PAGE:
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Black Panther: Wakanda Forever MOVIE REVIEW - from grief to hope in this impactfully healing eulogy

Director: Ryan Coogler; Starring: Letitia Wright, Danai Gurira, Tenoch Huerta, Angela Bassett, Winston Duke, Lupita Nyong'o.

Black Panther: Wakanda Forever is a story of loss, a tale of grief and anger at a world that seems to do nothing but take more and more away; however, more than any of this, Wakanda Forever is about finding hope when it seems so far distant. The film embraces the act of mourning, never shying away from Black Panther actor Chadwick Boseman's impact on the MCU and the fictional nation of Wakanda itself. Boseman's death weighs heavily on every scene — the Marvel Studios prologue and title slides demonstrate this especially, with an emotionally charged remembrance that left my theater more silent than did the ending of Avengers: Infinity War. Wakanda Forever revels in its vibrancy and shirks the MCU formulaic approach to deliver a genuinely raw and memorable experience that serves as both a eulogy and hopeful promise for a brighter future.

The acting takes centerstage in Wakanda Forever with powerful performances across the board that are undoubtedly supplemented by real-life bereavement. Wright and Bassett especially steal the show with emotionally intense and unrestrained approaches; however, this is not to overshadow Huerta's stunning turn as Namor, which deviates from his more apathetic and ego-centric comics counterpart. The MCU twist on Namor sees him as a mesoamerican king, one with deep roots that somehow connect his kingom to that of Wakanda, introducing a unique and ultimately satisfying dynamic to the two civilizations. Wakanda Forever also demonstrates a heavier focus on Okoye and her sisters, the Dora Milaje. Okoye is not exempt from the film's intense approach to bereavement and this serves to humanize her and instill her with more history than we've previously been given; this very much reminded me of Ibi Zoboi's Okoye to the People: A Black Panther Novel and how it explores the constant conflict between duty and love that exists within Okoye.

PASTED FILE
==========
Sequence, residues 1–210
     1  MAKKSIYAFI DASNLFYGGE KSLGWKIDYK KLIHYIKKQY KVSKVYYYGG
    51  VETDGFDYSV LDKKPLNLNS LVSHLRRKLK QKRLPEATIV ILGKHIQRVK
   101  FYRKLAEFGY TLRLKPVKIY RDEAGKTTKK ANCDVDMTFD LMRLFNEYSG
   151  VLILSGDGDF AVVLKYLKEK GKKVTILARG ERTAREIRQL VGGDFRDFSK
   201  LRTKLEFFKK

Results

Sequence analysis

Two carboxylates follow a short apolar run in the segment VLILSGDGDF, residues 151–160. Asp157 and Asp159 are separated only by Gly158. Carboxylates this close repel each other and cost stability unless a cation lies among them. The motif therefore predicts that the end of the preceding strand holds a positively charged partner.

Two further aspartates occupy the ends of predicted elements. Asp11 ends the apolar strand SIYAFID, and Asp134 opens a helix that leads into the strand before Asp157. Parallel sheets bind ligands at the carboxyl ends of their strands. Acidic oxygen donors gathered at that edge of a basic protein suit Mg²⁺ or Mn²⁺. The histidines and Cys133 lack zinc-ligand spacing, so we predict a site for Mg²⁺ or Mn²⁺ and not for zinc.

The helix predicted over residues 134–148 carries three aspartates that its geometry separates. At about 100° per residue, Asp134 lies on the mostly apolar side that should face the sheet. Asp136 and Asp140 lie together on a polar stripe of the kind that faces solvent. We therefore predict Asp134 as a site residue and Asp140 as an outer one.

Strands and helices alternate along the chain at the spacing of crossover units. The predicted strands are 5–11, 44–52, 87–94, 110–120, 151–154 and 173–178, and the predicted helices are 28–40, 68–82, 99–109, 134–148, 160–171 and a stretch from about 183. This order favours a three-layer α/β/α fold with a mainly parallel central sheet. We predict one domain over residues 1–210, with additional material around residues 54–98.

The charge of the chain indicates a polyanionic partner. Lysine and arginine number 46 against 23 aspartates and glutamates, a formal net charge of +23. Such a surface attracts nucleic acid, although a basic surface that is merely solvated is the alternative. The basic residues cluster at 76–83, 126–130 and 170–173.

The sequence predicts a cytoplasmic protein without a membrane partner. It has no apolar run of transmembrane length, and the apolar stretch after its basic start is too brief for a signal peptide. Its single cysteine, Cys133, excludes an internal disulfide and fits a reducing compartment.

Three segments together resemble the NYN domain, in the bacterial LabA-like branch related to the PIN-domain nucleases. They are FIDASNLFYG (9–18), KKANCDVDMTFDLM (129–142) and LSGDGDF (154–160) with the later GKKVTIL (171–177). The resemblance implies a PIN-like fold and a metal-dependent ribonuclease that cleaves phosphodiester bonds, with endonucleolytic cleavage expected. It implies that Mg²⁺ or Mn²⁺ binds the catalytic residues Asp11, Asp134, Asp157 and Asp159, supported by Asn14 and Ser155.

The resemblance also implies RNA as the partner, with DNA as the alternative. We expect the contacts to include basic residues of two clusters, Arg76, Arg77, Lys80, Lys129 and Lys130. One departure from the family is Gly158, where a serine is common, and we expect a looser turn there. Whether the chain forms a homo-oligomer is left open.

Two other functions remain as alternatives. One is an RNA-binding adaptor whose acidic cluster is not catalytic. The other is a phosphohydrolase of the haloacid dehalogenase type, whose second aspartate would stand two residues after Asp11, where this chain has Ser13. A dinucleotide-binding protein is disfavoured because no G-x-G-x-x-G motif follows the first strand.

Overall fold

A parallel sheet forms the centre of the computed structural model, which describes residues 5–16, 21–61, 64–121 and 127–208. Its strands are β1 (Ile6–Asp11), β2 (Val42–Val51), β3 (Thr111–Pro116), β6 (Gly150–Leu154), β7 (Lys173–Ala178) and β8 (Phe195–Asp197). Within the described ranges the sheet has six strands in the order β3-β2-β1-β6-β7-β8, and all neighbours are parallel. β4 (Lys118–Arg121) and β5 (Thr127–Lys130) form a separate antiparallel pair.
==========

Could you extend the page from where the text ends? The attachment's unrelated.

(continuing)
Wakanda Forever, aside from the many avenues of amazing I could pursue here, shines as a deviation from the MCU formula. There is still action — and oh how beautiful the fight choreography truly is — and the humor is still there — I often guffawed suddenly through curtains of tears — but Wakanda Forever embraces its inherent tragedy and finds the beauty within by presenting a story built brick-by-brick with heartache. There is a desperation for hope and light that permeates the story and elevates it beyond the good vs evil conflict so well engrained in the circus of capes-and-cowls. Rather than hero vs villain, we get to see heroes battle their own anger at loss, their own despair and guilt.

I went into this film knowing it would be emotional but I was not prepared for the powerhouse awaiting me in that theater. Though I went in with little to no knowledge of Namor — aside from an overabundance of sympathy for Mr. Fantastic (if you know, you know) — Wakanda Forever manages to pique my interest through its empathetic and complex portrayal of the Sub-Mariner. The more character driven aspects of the film reminded me of Ta-Nehisi Coates' vibrantly intricate take on Wakanda and its people in Black Panther: A Nation Under Our Feet, a storyline rife with complexities and emotional weight. All in all, Black Panther: Wakanda Forever is a must-see film that builds a story of hope and healing upon a foundation of suffering. If good art makes its viewer feel something, then Wakanda Forever is one of the most impactful pieces of art I've viewed in recent memory; I'd highly recommend you find out for yourself.


Austin Kemp read Batman #315 (Batman vs Kite Man) when he was 5 years old, and hasn't stopped reading comics since. Austin is a college writing teacher and has a masters degree in Comics Studies. Austin and his partner, Savanah, live in Massachusetts with their master, a cat named Chaplin.

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